After months of back and forth between the city and the county on the future of Knowledge Park’s special tax district, a final deal may be close to completion. But it will still be at least two weeks before the York County Council holds a final vote on the issue.
Both sides of the ongoing negotiations say an agreement is close to completion, with the final language being reviewed by the city and county attorneys that will allow Rock Hill to add an additional 10 years to the life of a special tax district meant to boost infrastructure and development prospects in a previously blighted industrial area.
But county council will forgo holding a final vote on the issue at its Monday meeting, after getting the procedural ball rolling last month, because Chairman Britt Blackwell wants to hold a new public hearing on the deal once the details are publicly available.
“We want to allow the public a chance to review it since so many people at the last one said, ‘You don’t know what’s in it yet,’ ” Blackwell said.
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County council has already held two procedural votes and a public hearing on the extension, which will allow Rock Hill to collect rising property tax revenue from the district for infrastructure bond payments until 2039. Council members could cast a third and final vote on the issue Monday at 6 p.m. at the county Agricultural Building. But public bodies are required to give advance public notice to hold a second hearing, meaning the earliest a hearing and vote can now be held is June 1.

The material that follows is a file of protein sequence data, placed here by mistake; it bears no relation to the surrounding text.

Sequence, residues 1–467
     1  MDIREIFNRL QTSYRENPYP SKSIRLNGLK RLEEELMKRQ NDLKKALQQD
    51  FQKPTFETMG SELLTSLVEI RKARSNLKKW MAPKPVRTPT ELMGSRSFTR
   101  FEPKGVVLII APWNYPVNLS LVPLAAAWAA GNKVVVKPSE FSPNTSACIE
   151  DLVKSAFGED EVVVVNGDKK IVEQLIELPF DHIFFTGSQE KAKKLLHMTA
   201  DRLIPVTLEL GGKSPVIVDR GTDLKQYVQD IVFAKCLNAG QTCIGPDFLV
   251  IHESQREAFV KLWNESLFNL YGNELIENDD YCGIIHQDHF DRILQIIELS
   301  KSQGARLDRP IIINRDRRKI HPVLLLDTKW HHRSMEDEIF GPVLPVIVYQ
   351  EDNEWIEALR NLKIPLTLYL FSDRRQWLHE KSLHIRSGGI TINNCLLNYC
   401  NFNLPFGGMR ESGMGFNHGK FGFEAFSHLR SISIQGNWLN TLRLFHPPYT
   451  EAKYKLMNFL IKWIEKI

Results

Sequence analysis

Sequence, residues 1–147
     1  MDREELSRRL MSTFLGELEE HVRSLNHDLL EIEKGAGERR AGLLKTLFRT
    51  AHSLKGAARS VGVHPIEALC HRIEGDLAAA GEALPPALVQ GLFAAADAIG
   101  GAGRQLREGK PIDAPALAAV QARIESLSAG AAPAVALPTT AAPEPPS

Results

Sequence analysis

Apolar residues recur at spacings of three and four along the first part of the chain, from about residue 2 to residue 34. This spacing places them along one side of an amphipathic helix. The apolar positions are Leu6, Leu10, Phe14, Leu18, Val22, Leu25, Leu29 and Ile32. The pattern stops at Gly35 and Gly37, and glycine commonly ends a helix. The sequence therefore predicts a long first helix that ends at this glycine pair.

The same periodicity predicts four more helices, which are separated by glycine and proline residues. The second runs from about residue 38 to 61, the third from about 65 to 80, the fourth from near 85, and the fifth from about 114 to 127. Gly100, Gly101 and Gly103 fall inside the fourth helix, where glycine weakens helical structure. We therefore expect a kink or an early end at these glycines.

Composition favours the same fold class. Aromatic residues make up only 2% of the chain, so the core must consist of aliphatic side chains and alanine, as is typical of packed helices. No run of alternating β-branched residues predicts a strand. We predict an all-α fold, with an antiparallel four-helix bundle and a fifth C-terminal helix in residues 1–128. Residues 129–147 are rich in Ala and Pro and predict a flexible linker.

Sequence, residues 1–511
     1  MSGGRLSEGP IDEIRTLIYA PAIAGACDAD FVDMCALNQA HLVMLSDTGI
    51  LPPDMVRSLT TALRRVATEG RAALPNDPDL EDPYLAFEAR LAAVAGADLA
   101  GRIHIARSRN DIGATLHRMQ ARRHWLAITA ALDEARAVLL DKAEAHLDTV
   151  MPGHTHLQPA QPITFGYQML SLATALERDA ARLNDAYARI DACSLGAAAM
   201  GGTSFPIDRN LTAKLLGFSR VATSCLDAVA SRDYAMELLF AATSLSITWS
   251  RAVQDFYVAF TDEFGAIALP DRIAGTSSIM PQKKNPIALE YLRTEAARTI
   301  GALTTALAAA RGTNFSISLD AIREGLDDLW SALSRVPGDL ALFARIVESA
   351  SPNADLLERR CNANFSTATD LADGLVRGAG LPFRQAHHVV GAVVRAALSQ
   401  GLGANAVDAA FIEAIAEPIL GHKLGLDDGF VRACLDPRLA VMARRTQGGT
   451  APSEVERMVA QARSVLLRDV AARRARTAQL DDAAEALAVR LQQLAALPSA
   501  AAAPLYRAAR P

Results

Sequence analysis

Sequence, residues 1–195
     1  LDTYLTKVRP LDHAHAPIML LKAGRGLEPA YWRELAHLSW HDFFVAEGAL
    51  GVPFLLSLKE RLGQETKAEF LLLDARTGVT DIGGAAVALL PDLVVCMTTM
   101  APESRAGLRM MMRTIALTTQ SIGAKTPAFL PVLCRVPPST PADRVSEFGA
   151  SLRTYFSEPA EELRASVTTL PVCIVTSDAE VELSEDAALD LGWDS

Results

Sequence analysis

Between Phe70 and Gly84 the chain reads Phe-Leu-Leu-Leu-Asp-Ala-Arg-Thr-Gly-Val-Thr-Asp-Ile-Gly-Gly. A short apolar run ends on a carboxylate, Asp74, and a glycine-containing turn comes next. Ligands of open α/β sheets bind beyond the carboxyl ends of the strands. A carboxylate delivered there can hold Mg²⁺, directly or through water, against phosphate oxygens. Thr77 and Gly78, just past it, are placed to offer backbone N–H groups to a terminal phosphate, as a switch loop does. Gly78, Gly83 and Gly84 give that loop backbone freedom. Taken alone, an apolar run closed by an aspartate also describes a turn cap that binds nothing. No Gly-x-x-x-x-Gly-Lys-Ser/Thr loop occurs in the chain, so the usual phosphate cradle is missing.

Instead, council will hold a closed executive session Monday to review the agreement details as a “contractual matter,” then release the document to the public. Blackwell said he’d like to make as many of the details known during Monday’s meeting “as the attorney will allow.”
City leaders have said the extension is necessary to complete the transformation of Knowledge Park from a disused former cotton mill to a business and residential hub that will act as a bridge between the downtown business district and Winthrop University.
But county officials have been leery of allowing the special tax district to go on indefinitely, and any final deal is likely to include concessions such as raising the county’s tax revenue from the district to an updated 2015 assessment rate, and requiring the city to make regular reports to the county on Knowledge Park’s progress.
Several council members have said if Rock Hill is tardy on those reports, the county might still back out of the deal.
Rock Hill City Manager David Vehaun said last week that the two sides have made “very good progress,” but declined to comment on the final agreement until it receives approval from county council.
“That decision really now rests with the county,” he said.
Bristow Marchant • 803-329-4062